Pluto - Lord of Transformation




Scorpio is a fixed water sign ruled by Pluto, the outermost known planet from the Sun. In August 1984 Pluto entered its own sign Scorpio, and left in November 1995. Pluto moves slowly, taking 248 years to journey around the zodiac, but Scorpio is the narrow part of its elliptical orbit, so it appears to move faster through this sign. In an individual horoscope, this means Pluto reached the square, or 90° angle to its own position, sooner than usual. The crisis typically associated with this phase was therefore occurring earlier. In our generations, people aged about 40 have already experienced their Pluto square, whereas it can occur as late as 63 years old! In addition, Pluto's orbital path loops inside that of its nearest neighbour Neptune. It was there from 1979 - 1999. Dane Rudhyar calls this a 'cosmic fecundation', a star-seeding or fertilising process, whereby energy from the far beyond comes in closer to our home, the Earth. As Pluto symbolically pierces the veil of Neptune, it also means disillusionment, the stripping away of glamour, deception and inflation - familiar hazards for those seeking greater consciousness.

This article explores some of the powerful Plutonian processes activated for all of us collectively while Pluto was transiting Scorpio. In particular, those individuals whose horoscopes show an emphasis in Scorpio, Taurus, Aquarius or Leo may resonate strongly with these themes, because at present there is a 'mutual reception' with Saturn in Scorpio and Pluto in Capricorn. Where Pluto moves, transformation follows: in Scorpio, Pluto signals the need to transform our attitudes to death, sexuality and shared resources if we are to survive and prosper as a species. This transformation is not merely about new ideas, potential or inspiration, but is a profound transubstantiation, an irrevocable change of energy/substance from one form into another. For this to happen, a deathlike experience is often necessary. Dane Rudhyar terms Pluto the planet of 'depth, void and re-centering'. Just as the caterpillar spins a cocoon and enters a dormant phase of intense invisible changes as it metamorphoses into a butterfly, so Pluto heralds the activation of this process in the individual and the collective.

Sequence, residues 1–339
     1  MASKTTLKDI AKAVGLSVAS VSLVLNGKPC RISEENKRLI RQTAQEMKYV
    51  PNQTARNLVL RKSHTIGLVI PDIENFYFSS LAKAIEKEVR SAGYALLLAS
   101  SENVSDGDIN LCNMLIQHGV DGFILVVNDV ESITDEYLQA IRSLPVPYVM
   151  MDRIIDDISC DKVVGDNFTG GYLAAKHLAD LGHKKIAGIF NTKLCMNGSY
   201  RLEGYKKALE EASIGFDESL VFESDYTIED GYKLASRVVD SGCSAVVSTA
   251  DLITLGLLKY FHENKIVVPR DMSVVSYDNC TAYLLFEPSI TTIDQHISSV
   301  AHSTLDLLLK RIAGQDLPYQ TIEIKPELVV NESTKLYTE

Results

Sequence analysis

We descend into raw darkness, stripped of our safe concepts, meaning, and familiar life structures and personal history, and are called upon to submit to the unknown. As our internal debris is dislodged, we are challenged to let go, to purge ourselves of dead weight, physically, emotionally and mentally. Our most cherished dreams, achievements, relationships, or ideas about ourselves might have to die. Sweeping external changes are often made after Pluto transits, but the inner phase of the process rarely passes without intense suffering. When we must "wait without hope", in the words of T.S. Eliot, few of us do so without first putting up a good fight, as Pluto also mobilises our deep survival instincts. Hence the life-and-death intensity associated with Scorpio.